Salary Surveys

profileTpamer1
salarysurvey.docx

DEFINITION AND PURPOSES A salary survey is a statistical description of what organizations pay for certain _____. “Jobs,” “skills,” “experience,” “education,” or any combination of these could fit in that blank. Surveys have three main purposes: Identify a company’s market position and form a basis for a salary increase budget. Create a salary structure or structures. Develop targets for individual pay levels. Some desired features of a salary survey include: Desired jobs, companies, and locations. Good job descriptions and job matches. Large amounts of data, screened data, and data integrity. Confidentiality. Flexibility. Sound survey design. Easy data submission. Useable and user-friendly results. Interpretation. Timeliness. Availability of special analyses. Value received for cost. Helpful and knowledgeable customer service. Responsiveness. Continuous improvement. Because of the importance of surveys, many companies use some surveys for analysis—primary surveys—and other surveys for reality checks—secondary surveys. Secondary surveys may not have the right companies or locations, but they provide an important perspective. Surveys can solicit and gather information via telephone, mailed hard copy questionnaires, e-mailed or web-based electronic questionnaires, and personal interviews. An organization, a large third-party consulting firm, or a boutique third-party consulting firm can conduct the survey.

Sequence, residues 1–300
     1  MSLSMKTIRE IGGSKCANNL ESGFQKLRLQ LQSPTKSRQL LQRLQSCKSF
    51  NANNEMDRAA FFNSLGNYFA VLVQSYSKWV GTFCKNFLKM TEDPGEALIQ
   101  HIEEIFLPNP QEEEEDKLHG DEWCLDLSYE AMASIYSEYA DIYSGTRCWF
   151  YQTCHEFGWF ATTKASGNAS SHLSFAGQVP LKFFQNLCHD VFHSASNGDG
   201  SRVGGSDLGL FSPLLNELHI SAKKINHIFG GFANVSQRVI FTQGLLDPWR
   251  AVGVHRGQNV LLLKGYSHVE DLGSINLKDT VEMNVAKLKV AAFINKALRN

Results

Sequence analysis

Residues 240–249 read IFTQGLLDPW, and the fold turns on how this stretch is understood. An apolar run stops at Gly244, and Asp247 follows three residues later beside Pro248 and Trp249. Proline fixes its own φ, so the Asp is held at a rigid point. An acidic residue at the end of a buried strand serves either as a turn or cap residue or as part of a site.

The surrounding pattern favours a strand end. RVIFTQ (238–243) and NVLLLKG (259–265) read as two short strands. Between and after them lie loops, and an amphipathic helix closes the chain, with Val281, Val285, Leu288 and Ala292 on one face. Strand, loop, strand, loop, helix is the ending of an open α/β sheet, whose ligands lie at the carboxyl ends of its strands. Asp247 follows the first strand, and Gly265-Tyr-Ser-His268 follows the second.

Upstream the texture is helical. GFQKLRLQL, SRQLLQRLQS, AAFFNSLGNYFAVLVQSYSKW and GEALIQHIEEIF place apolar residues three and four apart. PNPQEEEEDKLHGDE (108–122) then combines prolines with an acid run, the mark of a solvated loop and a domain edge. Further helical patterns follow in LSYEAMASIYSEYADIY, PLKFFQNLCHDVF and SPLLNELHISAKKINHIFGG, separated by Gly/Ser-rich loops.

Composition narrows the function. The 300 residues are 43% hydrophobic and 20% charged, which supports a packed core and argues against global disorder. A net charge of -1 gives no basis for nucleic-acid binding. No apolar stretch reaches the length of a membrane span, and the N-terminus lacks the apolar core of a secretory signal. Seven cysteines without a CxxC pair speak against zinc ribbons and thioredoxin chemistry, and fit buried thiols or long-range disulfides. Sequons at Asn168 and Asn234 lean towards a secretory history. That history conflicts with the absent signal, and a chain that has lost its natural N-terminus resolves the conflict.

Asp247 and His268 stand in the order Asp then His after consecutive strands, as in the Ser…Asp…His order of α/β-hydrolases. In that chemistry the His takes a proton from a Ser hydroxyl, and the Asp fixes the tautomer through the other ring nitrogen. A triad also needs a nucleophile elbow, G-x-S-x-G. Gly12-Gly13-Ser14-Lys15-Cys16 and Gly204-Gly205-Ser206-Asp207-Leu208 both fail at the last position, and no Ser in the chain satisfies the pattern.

BENCHMARK SURVEYS The remainder of this chapter focuses on benchmark surveys (surveys that describe what companies pay for certain jobs). Other types of surveys not covered are skills surveys, which measure what companies pay for certain skills, or maturity surveys, which measure what companies pay for experience and education in certain work areas. Which Jobs to Survey Several criteria act in concert when deciding which jobs in your organization to survey. The jobs that should be surveyed: Span levels in the organization. Span functions. Span families. Have a large number of incumbents. Are mission-critical. A sufficient number of jobs with a sufficient number of incumbents should be surveyed to make a compensation practitioner feel comfortable that he or she has surveyed enough to achieve the survey’s purpose. Specific numbers are decided on an individual basis, but some rough guidelines are: Number of jobs matched—one-third to two-thirds of jobs. Number of employees in matched jobs—one-half to three-quarters of employees. Of course, the more jobs, the better but time and budget constraints often are limiting. Further, some jobs may be so unique that there is no similar job match in any other organization. Remember: The quality of job matches is more important than the quantity of jobs surveyed. Survey Job Descriptions Job descriptions for surveys vary from short paragraphs to a full page and often include an organization chart or description of reporting relationships. Jobs that tend to be standard among organizations often can be described briefly, such as an assembler or a file clerk. New jobs or jobs that are similar but have a high degree of variation tend to be described more fully, such as a marketing development manager. Regardless, the survey job descriptions should have the main thrust of the job, along with the principal functions or key responsibilities, and the job title should be descriptive. When reporting relationships (e.g., reports to the president) or scope (e.g., revenue of the company or number of direct and indirect reports) are important in valuing the job, these factors should be included. If certain qualifications or certifications are required (e.g., master electrician’s license), these criteria should be included. Use caution when describing education and experience requirements. With education, rather than stating, for example, that a college degree is required, instead state what that degree represents, such as “the theoretical knowledge of the field or discipline is required,” because someone may have gained the needed knowledge through experience. This is the “or equivalent” notion of formal education. With experience, remember that when a description says, for example, “10 years of experience,” it usually means experience with increasing levels of responsibility. However, you may have an incumbent with one year of experience 10 times over, who is not really doing the level of work in the description. When years of experience are part of benchmark survey job descriptions, it unfortunately directs too much attention on that one factor and not enough on the work described. Which Companies to Survey Part of a company’s compensation philosophy should include a designation of the external reference for compensation program purposes. The reference usually describes other companies defined as competition. Examples include local major employers to compare office and clerical nonexempt jobs or local manufacturers for assemblers. For professional and supervisory jobs, companies often look to employers in their industry and national employers of similar size or revenue in their industry for upper management and executive jobs. Criteria to define a company’s competition include companies that: Do the same thing. Are the same size. Are in the same locations. Hire and lose employees to one another. It is important to ask managers who they think is relevant competition. Figure 9.2 offers some discussion starting points. There may be a situation in which the reference point is not actual competition, but a realistic and stable basis for the compensation program. For example, there is a company near Dallas that draws its employees locally, not competing with the suburbs around Dallas for nonmanagerial jobs. But those suburbs are the only source of survey data, so they are used as a reference point for compensation program purposes. The company decided that not having to commute to the Dallas suburbs was worth about 10 percent, so its average pay is 10 percent below the reference point. FIGURE 9.2 Determining the competition. Data to Be Gathered The type of data needed flows from the survey’s purpose and an organization’s pay strategy. Choices include: Base salary. Total cash (base plus bonus/commission). Equity (stock). Benefits. Typical statistics include: Averages (weighted, unweighted). Percentiles (10th, 25th, 50th, 75th, 90th). Raw data (after decoding to preserve confidentiality). Various summaries of scope data. General information often includes: Current salary increase budget. Policy information. Design information. Compensation practitioners need to decide what they want to seek, or they need to create a survey that satisfies individual needs. More Than Just Salaries The typical salary survey has more than base pay reported on benchmark positions. Because companies manage compensation using a total rewards strategy, there usually is trend information, including general questions about merit budgets, salary structure movement, and benefits provided. For example, the WorldatWork annual Salary Budget Survey includes questions on trends in variable pay, types of incentives, and other popular innovations in compensation. Review the Survey Database Companies often neglect to review their survey database to determine if it is providing adequate coverage of jobs and sampling the right companies and industries. By reviewing the coverage of jobs and looking for alternative data sources, a company ensures it has comprehensive intelligence of the labor landscape. Figure 9.3 illustrates a survey job matrix, which is a useful tool for ensuring the right coverage. Some additional rules of thumb include: Have at least two sources of surveys for key jobs. This provides validation of one survey against another. Review the makeup of the companies included to ensure the competition is represented.